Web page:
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The social network Facebook filed three patents in the United States to send advertising to its users according to their interests and future plans, for which they will use data from the shops, location and rides they most frequently, reported today the site BuzzFeedNews. “This could anticipate what advertising to display on the cell phone screen before the person is in the place close to the trade or service provider,” explained Facebook spokesman Anthony Harrison. One of the patents filed, called “Trajectories without being connected”, is to take information from people nearby, who may be contacts or not, to determine possible routes to follow by the user, which would feed a huge big data guarded by Facebook technology .
Another proposal is linked to the use of Wi-Fi, Bluetooth, cellular and NFC (near field communication) networks so that, through the mobile's GPS, the most accurate location of a person is provided to anticipate where they might be able to address. If it were estimated that the user is heading to a regular place, such as work or the gym, it could be assumed based on the history how long he will be there and where he would then depart, depending on, even, the day of the week. The third patent developed by Facebook would predict future movements among those who do not live in a city and are eventually in it, they completed.
It is clear that following the Cambridge Analytica scandal — where a series of journalistic research claimed that the consultant improperly acquired information from 50 million users of the social network in the United States — Facebook users' trust in protection of your personal data has declined significantly.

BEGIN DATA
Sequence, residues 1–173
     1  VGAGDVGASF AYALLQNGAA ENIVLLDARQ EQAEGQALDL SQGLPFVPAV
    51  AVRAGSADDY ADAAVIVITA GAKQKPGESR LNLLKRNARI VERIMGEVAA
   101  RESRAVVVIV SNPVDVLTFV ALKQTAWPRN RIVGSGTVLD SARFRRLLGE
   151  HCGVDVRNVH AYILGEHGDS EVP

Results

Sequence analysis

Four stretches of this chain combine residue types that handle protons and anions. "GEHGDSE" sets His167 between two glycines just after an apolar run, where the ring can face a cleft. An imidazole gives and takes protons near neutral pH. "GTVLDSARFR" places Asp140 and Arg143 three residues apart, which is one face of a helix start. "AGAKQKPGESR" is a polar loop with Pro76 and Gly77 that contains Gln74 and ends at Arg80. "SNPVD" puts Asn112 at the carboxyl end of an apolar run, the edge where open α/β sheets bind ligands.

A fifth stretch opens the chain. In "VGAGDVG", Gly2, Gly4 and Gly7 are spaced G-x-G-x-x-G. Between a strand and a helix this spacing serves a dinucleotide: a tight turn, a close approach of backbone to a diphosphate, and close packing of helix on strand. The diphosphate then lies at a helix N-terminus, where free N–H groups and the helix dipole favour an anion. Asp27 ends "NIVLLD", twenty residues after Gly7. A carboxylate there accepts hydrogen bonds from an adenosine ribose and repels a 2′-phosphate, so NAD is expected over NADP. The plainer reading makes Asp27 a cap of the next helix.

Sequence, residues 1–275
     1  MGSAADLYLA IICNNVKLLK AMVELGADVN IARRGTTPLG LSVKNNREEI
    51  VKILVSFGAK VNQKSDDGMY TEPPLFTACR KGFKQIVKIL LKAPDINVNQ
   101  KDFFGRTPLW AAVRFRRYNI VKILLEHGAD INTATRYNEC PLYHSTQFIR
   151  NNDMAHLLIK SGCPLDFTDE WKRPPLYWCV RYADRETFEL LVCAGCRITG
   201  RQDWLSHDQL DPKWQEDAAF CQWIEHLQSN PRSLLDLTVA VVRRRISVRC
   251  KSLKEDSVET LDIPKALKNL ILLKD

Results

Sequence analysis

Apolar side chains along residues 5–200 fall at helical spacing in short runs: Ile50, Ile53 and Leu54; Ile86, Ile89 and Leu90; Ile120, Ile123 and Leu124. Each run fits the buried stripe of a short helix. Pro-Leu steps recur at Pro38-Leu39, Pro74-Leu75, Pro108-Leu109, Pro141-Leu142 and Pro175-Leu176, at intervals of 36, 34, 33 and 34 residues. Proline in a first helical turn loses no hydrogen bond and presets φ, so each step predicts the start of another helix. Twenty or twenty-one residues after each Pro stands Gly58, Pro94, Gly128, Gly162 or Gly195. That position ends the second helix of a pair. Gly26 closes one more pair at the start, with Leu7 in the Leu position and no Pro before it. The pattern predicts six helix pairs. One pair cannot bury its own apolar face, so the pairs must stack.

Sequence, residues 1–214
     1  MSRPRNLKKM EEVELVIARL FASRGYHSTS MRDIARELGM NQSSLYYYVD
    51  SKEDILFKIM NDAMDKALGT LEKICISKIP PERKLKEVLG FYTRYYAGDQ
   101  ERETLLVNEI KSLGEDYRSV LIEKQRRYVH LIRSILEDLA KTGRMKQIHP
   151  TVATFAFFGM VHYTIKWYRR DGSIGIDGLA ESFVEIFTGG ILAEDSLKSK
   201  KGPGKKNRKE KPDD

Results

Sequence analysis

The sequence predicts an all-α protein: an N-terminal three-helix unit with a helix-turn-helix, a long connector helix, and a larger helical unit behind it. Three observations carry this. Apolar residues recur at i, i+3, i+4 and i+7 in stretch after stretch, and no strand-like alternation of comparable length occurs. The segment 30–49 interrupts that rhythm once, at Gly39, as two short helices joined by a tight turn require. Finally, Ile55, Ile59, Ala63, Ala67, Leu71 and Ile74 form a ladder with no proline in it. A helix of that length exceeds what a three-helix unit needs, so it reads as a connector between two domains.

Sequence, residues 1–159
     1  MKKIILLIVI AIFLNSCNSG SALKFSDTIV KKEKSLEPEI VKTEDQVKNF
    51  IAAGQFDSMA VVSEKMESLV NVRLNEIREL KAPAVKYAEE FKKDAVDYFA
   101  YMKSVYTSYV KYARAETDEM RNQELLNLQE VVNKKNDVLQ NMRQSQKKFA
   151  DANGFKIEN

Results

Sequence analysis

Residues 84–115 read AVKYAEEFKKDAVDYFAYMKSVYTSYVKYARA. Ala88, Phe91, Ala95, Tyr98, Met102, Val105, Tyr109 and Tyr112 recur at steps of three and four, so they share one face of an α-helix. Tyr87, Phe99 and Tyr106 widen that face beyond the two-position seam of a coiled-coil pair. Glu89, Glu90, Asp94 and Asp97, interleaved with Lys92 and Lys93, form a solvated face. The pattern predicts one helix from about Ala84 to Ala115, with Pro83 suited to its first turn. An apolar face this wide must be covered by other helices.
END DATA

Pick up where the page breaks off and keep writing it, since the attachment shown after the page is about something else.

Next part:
Although the company made its mistake publicly and ensured that steps would be taken to ensure the transparency of the platform, registration of a new patent has made it clear that Facebook continues to seek as much information as possible from a person, including involuntarily.
Such patents seek, in one way or another, to detect a person's facial expression to find out if a publication bores or arouses any interest, and modify the user's timeline accordingly. Since 2012, the year in which the company went public, this record must be public. Since then, Facebook has registered thousands of patents which, according to the company itself, need never be used.
To reassure anyone who wants to review Facebook records, senior executives of the company publicly said that much of that technology will never end crystallizing into real products.
Facebook also argues that patent registration is simply a way to venture where technology will go in the coming years. If such tools become fashionable in the near future, the user will depend even more on large companies keeping so much flow of information safe.
Other of Facebook's disturbing patents show a user's interest in knowing absolutely everything: using the microphone on your cell phone to listen what series or TV show are we watching, predict whether the user will marry soon, their socioeconomic status, the duration and quality of sleep, what brands and politicians are most talked about with friends, even proposes a method that will be right date of death of a user's friends.
Knowing the interest in collecting so much information from its users, it is clear what is the ultimate goal of the company, whether or not it gets to put into operation any of these systems: 99% of Facebook's profit continues to reach through the company. eacute; s of advertising. Users who are not comfortable with the idea of a large company storing their data, which is increasingly, may need to consider closing their account.
Publication Date: 11/12/2018
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